Being hated without cause is an aspect of Messianic prophecy that applies to both Mashiach ben Yosef and Mashiach ben David. Just as Joseph was hated by his brothers, and David was hated by Saul without cause, is it any wonder that Yeshua (Jesus) was hated by the world without cause…
Continuing this study of Mashiach Ben Yosef (Messiah "Son of Joseph"), I want to focus on another aspect of the rabbis' understanding; that Mashiach ben Yosef will come first, and prepare the world for the Kingdom of the Lord.
A prayer frequently heard at the conclusion of Orthodox Jewish services is "Ani Ma'amin" translated, "I believe." The full prayer is. "I believe with perfect faith in the coming of the Mashiach; and even though he may tarry, nevertheless, I wait each day for his coming."
The book of Isaiah, often called the Old Testament Gospel, reveals that a child was to be born and his name called “The Mighty God, and the Everlasting Father”. We know that this Child was Yeshua (Jesus) of Nazareth, that He is the unique Son of God, the express image of the invisible God. The throne of David was to be given to Him and He now holds its "key", a symbol of the right and authority of His reign, which will be consummated when He returns to this world and restores the Kingdom to Israel [Acts 1:6-7].
The Jewish leaders of His time rejected Yeshua (Jesus) when He first came. He didn't meet their expectations. They were expecting a Messiah who would bring relief from the Romans, restore the Kingdom of David, and usher in an era of tranquility throughout the world. It is probable that their intense jealousy of Yeshua blinded them to the numerous passages in the Tenach (OT) which describe Messiah as a suffering servant, since they were certainly aware of those passages.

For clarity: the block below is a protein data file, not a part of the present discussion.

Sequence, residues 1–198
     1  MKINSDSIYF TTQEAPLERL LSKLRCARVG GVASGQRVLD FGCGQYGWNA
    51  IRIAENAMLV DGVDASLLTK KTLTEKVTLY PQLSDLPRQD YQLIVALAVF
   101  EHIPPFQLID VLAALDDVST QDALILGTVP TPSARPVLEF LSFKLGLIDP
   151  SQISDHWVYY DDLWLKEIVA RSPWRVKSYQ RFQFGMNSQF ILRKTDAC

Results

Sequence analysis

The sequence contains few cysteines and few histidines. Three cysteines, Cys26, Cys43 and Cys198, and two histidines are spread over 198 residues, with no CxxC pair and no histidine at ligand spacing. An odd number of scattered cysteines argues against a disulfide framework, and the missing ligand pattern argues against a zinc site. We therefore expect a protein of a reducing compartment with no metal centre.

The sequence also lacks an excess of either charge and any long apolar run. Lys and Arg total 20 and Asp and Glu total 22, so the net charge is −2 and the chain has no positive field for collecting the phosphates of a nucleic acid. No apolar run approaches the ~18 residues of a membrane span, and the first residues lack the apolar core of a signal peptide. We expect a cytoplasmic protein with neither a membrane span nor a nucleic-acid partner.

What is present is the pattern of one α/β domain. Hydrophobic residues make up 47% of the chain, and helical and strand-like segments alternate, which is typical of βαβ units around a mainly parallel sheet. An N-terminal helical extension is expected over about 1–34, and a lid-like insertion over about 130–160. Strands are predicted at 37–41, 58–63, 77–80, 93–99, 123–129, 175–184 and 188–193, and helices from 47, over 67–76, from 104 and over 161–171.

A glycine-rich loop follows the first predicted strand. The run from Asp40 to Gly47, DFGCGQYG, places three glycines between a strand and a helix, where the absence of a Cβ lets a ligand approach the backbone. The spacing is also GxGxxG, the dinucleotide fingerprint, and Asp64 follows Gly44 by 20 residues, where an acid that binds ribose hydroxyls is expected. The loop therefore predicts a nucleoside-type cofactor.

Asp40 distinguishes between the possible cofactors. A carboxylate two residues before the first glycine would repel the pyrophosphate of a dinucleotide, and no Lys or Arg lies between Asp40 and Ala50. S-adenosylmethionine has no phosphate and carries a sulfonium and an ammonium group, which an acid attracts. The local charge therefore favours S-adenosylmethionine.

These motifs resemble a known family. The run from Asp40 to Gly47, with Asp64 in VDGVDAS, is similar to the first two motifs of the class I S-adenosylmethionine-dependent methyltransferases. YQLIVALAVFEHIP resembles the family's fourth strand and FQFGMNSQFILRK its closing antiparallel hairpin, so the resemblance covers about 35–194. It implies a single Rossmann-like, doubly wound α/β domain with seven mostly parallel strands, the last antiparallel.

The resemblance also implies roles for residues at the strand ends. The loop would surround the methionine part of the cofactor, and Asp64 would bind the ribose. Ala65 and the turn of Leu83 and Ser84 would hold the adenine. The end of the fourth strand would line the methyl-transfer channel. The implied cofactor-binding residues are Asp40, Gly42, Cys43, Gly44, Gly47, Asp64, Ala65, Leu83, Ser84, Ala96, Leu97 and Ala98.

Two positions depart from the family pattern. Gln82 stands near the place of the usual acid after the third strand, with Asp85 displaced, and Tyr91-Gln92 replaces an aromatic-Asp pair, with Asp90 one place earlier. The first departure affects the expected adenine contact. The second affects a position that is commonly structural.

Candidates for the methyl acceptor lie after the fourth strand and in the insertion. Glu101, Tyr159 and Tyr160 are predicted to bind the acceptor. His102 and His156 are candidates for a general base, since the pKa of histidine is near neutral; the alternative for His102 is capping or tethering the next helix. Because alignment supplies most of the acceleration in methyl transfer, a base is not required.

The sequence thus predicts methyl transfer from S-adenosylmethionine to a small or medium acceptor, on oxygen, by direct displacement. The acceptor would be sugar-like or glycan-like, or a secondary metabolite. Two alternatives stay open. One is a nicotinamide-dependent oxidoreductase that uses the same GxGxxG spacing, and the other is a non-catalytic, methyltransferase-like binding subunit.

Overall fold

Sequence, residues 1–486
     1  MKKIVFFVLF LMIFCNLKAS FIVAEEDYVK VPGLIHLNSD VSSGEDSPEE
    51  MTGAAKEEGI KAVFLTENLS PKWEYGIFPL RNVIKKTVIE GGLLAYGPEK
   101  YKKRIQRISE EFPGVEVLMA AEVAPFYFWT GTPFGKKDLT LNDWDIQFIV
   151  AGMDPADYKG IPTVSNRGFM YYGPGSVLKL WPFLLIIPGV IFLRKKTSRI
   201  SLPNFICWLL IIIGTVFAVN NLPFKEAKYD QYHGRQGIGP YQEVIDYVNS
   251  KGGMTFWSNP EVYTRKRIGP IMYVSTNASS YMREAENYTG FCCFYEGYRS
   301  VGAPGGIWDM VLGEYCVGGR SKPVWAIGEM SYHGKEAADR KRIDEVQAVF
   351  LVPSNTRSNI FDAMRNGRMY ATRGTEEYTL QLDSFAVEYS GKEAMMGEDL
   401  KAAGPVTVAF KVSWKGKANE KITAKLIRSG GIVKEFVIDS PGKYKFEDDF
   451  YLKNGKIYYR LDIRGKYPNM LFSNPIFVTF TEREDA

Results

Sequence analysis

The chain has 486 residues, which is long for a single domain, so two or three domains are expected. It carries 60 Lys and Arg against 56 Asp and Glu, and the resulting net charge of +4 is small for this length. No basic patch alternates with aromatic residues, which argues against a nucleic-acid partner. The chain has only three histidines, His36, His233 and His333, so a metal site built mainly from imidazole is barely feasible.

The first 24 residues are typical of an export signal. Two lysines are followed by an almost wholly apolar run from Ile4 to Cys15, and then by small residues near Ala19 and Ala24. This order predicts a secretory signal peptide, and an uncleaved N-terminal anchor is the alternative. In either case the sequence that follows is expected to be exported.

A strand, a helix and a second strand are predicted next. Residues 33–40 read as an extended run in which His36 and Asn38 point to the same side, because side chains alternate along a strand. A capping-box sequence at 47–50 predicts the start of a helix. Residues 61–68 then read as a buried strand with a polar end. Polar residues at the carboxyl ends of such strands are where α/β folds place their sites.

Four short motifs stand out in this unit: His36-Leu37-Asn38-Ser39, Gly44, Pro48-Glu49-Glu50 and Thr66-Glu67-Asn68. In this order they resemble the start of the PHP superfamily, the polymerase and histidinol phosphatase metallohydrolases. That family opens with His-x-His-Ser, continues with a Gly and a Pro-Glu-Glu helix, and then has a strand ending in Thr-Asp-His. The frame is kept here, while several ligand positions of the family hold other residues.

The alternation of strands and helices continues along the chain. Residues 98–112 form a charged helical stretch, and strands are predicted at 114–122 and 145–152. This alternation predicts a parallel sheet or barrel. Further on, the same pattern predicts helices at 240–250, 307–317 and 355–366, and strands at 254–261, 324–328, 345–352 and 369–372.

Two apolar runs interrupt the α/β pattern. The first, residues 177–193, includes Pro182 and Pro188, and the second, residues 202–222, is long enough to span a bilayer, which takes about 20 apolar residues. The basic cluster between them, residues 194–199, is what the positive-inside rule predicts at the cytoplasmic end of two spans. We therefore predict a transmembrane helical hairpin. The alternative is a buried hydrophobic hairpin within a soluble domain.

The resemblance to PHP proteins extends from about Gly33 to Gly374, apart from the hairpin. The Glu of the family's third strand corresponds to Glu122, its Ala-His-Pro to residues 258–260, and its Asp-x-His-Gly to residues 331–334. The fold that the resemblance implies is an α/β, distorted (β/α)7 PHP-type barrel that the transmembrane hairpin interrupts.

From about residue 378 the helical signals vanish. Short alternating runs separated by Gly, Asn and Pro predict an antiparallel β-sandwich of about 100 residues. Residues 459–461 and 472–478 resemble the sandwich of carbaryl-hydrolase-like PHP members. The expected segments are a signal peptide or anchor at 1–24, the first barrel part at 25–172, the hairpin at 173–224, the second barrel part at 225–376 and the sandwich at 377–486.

Early in his life David was forced to flee from his king and father-in-law, Saul — to flee for his life. During this long season of exile and hiding David began to find himself surrounded by loyal friends who joined themselves to him. But these were friends of an unusual kind: they were men who had all been unhappy, distressed, helpless, or in debt — by and large, the outcasts of the world. But an amazing thing happened to these formerly hapless human beings when they joined with David; they were empowered and became his "mighty men." When David finally became King of Israel, these men were ennobled and raised to be princes and officers in his Kingdom.
The central fact of the gospel message is the resurrection of Yeshua (Jesus), declared in Psalm 2, the begotten Son of God. In 1952, Dead Sea scrolls were discovered in Cave 4 called the "Messianic Apocalypse". The Messiah's ministry of resurrection is reiterated in these ancient documents with an obvious reference to Isaiah 61:1-3. The scroll identifies someone who "… will heal the wounded, and revive the dead and bring good news to the poor." It is clear that at least some of the authors of these documents clearly understood the central nature and ministry of the coming Messiah, most certainly based on their intimate knowledge of the prophetic writings in the Tenach (OT)…that ministry, resurrection of the dead.
New Testament genealogies of Yeshua Ha Mashiach (Jesus the Christ) all identify Him as the son of king David. It was universally understood from the Tenach (OT) that the messiah would be descended from David and that he would restore the Davidic monarchy to its ultimate and most universal expression, even that this king would reign and sit on the throne forever.
Let's look at the character of the men who joined themselves to David. First of all, they were men of war who could keep rank with a perfect heart. They were men who worked in cooperation with one another – each knowing his position and so able to give orders as well as obey them. They walked in fellowship one with another. Secondly, they were single-hearted men, wholeheartedly devoted to making David king over Israel, and their minds were set to advance David’s kingdom…